(The Times, 10.04.2008)
In Bulgaria almost any prominent job can get you killed. Writing books on the Bulgarian mafia (Georgi Stoev – shot dead on Monday in a busy part of Sofia, the capital). Running a company that repairs Bulgarian nuclear power plants (Borislav Georgiev – shot dead on Sunday in front of his home in Sofia). Running a football club (15 club presidents killed in the past 13 years, including three within two years from a single club).
What is the European Union supposed to do with Bulgaria? Just over a year ago, it let the country in, along with Romania, despite its failure to reform its courts or tackle organised crime (there have been more than 150 gangland killings since 2001). Since then the problem has got worse. Almost anyone in a senior position has money and, therefore, has links with organised crime; or has taken a stand against organised crime and may be a target.
Brussels has poured out savage condemnations, by its standards. On March 28 José Manuel Barroso, the European Commission President, turned up in Sofia to upbraid Bulgaria for its failures. Despite the no doubt deliberately disarming manoeuvre of awarding him the Stara Planina, First Class, a huge silver-and-gold medal that is the highest honour in Bulgaria, he told his hosts: “Honestly speaking, we cannot constantly repeat that more needs to be done.” Despite making pledges Bulgaria has failed to convict a single suspect or charge any senior officials with graft.
So what now? Once the EU let in Bulgaria and Romania it lost its main tool to persuade them to reform (and Romania’s paralysis, while not quite as lethal to its elite, is a separate, dismal problem). The European Commission can try to shame Sofia, as its reports try to do. It can decide that Bulgarian court decisions will not be recognised in the rest of the EU but this might be counter-productive, putting beyond the pale the institution that it most wants to improve. Or it could threaten to withhold aid worth €6.5 billion (£5 billion) between 2007 and 2013, on the ground that it might be misappropriated. This is stretching a point, under EU rules, as the aid is intended for rural development, not the area of Bulgarian life that has most offended. But it could be done.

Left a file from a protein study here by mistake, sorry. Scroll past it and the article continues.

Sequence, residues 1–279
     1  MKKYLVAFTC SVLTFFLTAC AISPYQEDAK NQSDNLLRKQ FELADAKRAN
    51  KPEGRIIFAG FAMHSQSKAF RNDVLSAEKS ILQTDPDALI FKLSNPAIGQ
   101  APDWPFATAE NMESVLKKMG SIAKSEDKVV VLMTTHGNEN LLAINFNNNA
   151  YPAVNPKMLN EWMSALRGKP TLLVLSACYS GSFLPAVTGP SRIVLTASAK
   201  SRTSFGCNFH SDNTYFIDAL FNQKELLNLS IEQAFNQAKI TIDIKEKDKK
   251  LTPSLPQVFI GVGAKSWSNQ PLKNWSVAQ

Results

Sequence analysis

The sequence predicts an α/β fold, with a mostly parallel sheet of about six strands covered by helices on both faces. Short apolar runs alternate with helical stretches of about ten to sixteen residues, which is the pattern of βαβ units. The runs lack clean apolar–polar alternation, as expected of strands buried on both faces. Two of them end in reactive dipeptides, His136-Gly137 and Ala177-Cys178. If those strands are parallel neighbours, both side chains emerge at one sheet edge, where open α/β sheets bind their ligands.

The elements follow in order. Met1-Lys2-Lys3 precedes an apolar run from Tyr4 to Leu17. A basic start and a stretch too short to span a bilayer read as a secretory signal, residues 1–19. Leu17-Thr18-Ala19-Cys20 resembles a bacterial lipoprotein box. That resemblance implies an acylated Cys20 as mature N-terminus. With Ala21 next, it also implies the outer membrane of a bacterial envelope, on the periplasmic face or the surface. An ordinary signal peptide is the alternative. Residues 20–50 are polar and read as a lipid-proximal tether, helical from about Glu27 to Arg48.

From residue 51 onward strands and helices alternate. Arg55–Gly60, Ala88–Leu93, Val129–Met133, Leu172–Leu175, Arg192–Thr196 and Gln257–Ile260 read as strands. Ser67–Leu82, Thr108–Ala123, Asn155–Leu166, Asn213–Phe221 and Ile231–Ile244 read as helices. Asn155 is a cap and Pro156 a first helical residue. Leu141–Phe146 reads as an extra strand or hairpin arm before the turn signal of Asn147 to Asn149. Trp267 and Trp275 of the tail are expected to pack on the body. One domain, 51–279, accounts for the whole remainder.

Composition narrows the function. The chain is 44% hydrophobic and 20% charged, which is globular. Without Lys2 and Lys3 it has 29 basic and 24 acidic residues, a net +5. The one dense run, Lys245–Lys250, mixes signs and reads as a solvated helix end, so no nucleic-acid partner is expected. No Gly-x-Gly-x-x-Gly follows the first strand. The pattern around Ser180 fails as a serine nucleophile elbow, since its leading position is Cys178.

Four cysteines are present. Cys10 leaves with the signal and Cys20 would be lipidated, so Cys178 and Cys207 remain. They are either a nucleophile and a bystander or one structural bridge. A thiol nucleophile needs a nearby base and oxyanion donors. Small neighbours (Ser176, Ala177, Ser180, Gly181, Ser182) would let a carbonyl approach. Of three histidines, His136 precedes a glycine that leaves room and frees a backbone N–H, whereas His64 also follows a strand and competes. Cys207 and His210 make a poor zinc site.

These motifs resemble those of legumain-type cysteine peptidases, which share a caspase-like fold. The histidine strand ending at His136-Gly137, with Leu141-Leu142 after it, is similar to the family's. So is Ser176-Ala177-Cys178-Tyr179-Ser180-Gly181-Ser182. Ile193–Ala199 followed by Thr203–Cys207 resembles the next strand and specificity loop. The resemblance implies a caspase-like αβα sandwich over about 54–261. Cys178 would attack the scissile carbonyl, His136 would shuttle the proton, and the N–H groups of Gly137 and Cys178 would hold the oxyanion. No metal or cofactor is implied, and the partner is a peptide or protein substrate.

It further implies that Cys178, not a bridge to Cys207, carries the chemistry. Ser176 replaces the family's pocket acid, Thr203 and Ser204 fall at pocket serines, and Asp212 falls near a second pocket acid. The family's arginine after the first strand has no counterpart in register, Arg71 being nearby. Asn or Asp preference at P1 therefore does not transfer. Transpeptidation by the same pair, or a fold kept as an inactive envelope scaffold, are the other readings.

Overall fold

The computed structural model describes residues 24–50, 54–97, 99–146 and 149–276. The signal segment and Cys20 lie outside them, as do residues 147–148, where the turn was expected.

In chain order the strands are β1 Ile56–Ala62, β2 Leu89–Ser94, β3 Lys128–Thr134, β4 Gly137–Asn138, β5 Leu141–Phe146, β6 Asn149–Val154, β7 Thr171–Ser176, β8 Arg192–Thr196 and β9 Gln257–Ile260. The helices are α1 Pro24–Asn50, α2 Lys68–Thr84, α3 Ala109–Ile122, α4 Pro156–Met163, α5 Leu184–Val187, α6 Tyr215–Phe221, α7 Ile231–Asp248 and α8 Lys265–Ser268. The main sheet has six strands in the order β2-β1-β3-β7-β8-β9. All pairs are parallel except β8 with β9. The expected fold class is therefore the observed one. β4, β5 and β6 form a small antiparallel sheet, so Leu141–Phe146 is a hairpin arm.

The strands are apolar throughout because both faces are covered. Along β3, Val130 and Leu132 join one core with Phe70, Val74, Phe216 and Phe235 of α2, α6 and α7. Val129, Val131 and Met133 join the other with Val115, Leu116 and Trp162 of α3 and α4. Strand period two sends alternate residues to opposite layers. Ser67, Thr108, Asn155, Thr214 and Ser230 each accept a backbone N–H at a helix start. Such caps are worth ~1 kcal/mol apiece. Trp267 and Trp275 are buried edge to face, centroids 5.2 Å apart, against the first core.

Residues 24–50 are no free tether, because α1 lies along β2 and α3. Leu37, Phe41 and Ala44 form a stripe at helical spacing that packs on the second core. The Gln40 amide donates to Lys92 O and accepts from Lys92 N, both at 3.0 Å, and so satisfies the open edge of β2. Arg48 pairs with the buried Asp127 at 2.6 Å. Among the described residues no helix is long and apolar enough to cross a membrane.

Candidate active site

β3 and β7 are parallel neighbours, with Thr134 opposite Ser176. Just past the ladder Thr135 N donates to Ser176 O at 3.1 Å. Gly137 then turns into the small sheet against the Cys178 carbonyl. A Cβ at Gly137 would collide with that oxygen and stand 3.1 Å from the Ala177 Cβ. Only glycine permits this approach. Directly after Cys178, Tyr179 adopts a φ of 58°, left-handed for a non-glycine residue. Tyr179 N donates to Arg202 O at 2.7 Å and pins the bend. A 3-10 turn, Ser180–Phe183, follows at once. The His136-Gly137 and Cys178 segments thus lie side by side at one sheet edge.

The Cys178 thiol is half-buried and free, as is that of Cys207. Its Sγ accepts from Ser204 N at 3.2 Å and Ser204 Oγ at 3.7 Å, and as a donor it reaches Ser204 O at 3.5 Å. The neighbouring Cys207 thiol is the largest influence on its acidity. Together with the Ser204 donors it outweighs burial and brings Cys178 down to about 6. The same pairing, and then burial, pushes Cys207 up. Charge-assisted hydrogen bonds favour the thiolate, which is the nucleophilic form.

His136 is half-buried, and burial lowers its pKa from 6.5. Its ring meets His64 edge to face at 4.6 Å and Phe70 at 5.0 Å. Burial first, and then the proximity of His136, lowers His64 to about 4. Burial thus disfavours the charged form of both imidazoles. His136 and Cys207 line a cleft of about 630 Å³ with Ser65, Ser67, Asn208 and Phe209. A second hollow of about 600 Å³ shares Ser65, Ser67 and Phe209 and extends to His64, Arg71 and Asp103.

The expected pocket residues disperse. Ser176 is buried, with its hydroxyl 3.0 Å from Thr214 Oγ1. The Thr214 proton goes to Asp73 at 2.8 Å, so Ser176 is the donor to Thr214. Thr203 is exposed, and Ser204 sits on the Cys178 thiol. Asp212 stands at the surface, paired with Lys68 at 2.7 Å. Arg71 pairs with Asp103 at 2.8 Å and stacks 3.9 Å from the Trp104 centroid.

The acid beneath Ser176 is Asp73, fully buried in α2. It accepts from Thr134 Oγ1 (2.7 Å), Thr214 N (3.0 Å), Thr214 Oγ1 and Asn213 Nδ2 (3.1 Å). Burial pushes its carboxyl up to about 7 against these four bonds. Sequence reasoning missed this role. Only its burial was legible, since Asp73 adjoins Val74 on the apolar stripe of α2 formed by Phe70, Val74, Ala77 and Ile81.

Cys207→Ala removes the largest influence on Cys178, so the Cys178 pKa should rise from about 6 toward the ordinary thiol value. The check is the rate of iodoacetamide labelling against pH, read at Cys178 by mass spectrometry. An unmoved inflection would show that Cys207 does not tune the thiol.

The predicament follows from the failure of the EU to attach many conditions to the behaviour of the new members. It was too confident in its power to transform countries by simple virtue of membership. No future entrants will get away as lightly as Bulgaria and Romania.
It is also a reminder of the dangers of repelling such countries. Russia has been courting Bulgaria and has succeeded in pulling it into a deal for a new gas pipeline. That immediately makes Bulgaria dependent on Russian goodwill. Meanwhile, the old guard in Sofia are a siren chorus, urging Bulgarians to place their faith in Moscow, not unreliable Brussels.
It is worth one more go from Brussels before reaching for the harshest sanctions. Specifically that means demanding proper reforms of the Interior Ministry, as the Prime Minister, Sergei Stanishev, has done. If that brings down the fragile three-way coalition, too bad.
If that fails, then Barroso, who has now exhausted the language of frustration, would be entitled to tell Bulgaria that it is not fit to be in the EU. The other members cannot throw it out but they can at least withhold the money that it has too casually assumed will flow its way.